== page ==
How do you know whether you’re truly in love, or just infatuated?
Both infatuation and love involve deep, sometimes overwhelming feelings for another person.
Many people fall into the trap of assuming that if they can’t stop thinking about someone, they must be in love.
It’s important to realize that this isn’t necessarily true.
If you don’t understand the difference, you may dive into a relationship too quickly, or fail to identify glaring red flags because you are so blinded by their looks or brilliance.
Learning to separate infatuation from love is an essential skill if you want to find a partner.
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Here are 7 key rules to remember:
1. Infatuation is based on an illusion, but true love is based in reality
Loving someone means acknowledging their faults, but accepting them anyway.
Infatuation is based around an idealized image or fantasy.
If you are infatuated, you probably can’t see their faults, and you may even think that they have the power to solve all of your own problems.
2. Infatuation is an emotional rollercoaster, whereas true love is steadier
If you’ve ever had an intense crush on someone, you’ll know the highs and lows that come with analyzing their behavior. For instance, if they smile at you, you might feel happy for hours.
Love, on the other hand, doesn’t leave you feeling insecure or desperate for small scraps of approval.
When you love someone, you simply want what’s best for them, even if you can’t be together.
If someone loves you back, they will always let you know where you stand.
3. Love involves deep but considered commitment, whereas infatuation promotes reckless sacrifice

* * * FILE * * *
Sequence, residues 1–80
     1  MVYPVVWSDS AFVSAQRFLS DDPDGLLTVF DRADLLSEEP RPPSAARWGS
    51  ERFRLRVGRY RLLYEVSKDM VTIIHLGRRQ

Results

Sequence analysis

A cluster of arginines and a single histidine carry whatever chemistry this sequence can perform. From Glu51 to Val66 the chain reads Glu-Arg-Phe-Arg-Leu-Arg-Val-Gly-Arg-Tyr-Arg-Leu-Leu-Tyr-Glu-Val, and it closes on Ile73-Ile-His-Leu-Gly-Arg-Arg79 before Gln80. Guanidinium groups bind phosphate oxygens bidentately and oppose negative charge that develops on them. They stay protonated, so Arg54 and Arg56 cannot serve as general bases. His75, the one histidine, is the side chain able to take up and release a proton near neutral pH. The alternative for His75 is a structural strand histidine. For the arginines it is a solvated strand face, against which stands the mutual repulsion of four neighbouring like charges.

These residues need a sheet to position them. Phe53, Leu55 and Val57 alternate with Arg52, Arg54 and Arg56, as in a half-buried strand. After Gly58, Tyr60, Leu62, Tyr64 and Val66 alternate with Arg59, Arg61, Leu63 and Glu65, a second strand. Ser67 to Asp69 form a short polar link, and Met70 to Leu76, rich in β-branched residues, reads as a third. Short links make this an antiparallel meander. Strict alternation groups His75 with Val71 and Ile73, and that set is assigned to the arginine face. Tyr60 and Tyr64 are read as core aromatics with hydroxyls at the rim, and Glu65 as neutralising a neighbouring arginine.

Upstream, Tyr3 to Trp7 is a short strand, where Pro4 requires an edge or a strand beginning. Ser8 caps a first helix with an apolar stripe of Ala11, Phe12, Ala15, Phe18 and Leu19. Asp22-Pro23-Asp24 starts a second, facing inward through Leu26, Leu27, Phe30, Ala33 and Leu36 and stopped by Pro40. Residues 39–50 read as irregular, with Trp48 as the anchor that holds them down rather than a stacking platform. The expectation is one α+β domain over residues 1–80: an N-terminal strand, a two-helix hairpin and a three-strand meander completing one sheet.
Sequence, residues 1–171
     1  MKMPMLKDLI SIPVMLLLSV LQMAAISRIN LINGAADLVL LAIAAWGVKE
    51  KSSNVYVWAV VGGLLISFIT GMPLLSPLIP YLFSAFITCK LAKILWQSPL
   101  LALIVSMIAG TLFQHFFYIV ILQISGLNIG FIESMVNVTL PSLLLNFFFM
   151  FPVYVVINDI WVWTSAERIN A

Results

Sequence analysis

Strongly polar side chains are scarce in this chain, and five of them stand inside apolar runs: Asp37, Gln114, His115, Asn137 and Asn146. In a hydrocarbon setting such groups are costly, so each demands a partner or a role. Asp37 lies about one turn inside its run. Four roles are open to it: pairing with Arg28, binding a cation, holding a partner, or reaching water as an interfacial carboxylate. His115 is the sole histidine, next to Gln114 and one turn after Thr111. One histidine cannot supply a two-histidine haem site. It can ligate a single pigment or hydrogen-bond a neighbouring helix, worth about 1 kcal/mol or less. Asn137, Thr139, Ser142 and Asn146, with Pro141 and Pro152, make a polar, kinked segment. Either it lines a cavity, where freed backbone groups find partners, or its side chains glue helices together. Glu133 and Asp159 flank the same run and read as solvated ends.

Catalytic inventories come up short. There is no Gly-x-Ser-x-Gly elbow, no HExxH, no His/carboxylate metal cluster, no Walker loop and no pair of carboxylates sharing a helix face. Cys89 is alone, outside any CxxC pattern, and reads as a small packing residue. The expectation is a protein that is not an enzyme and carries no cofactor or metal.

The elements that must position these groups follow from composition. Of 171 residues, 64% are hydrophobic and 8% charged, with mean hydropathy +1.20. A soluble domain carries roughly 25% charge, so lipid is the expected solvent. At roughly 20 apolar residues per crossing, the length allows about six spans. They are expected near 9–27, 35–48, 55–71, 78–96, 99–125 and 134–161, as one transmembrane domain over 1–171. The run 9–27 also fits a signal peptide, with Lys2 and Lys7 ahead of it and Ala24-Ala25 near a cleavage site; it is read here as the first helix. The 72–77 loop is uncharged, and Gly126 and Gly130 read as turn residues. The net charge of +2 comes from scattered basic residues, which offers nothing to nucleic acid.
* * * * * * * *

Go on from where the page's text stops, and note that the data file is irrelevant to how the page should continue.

When you love someone, you are willing to put their happiness above your own – within reason.
For instance, a husband may agree to move a couple of hours away when his wife gets a new job, or a woman may agree to cut back on her spending so that she and her boyfriend can replace their car.
Infatuation, on the other hand, is usually accompanied by inappropriate sacrifices.
For instance, applying to the same school as someone you are infatuated with, possibly at the cost of your educational future, would not be healthy or sensible.
4. Infatuation is often accompanied by jealousy, whereas love entails trust
If you are infatuated with someone, it’s immensely painful to watch them date or flirt with others.
You feel that they are “yours,” and feel upset when they pay attention to someone else.
On the other hand, when you love someone, you usually feel you can trust them.
5. Infatuation is based in the present, whereas love is a deep feeling that grows with time
Infatuation usually starts suddenly, before you’ve had a chance to get to know the person in question.
By contrast, love is a deep, affectionate bond that strengthens over many months and years.
6. When you are infatuated, you may believe someone is in some way better than you
It’s common for infatuated people to treat their crush as a god-like being, rather than an ordinary person with a set of strengths, flaws, and quirks.
Sometimes, we become infatuated with people not because they would make good partners, but because we want to resemble them in some way.
For instance, if you are aspiring artist, you might become infatuated with someone who doesn’t have many redeeming qualities, but just so happens to be a talented painter.
By associating yourself with them, you may hope to acquire their characteristics.
7. Infatuation gets in the way of everyday life, whereas love helps you become the best version of yourself
Have you ever had a crush so strong that you can’t eat or sleep properly?
Infatuation can be all-consuming.
In fact, it can distract you from your work or studies, with potentially serious consequences.
Love doesn’t hold you back; it builds you up.
Being in love inspires you to do your best in all areas of your life.
You might think about your loved one quite often, but not so much that you can’t function.
So, is it love or infatuation?
Deep down, you probably already know whether you are truly in love, or have just developed a strong crush.
If it’s the latter, making some changes to your lifestyle and routine might help the feelings pass more quickly.
For example, spending more time with friends or taking up a new hobby may help distract you.
If your feelings have turned into an obsession, it would be wise to talk to a relationship therapist or counsellor for advice.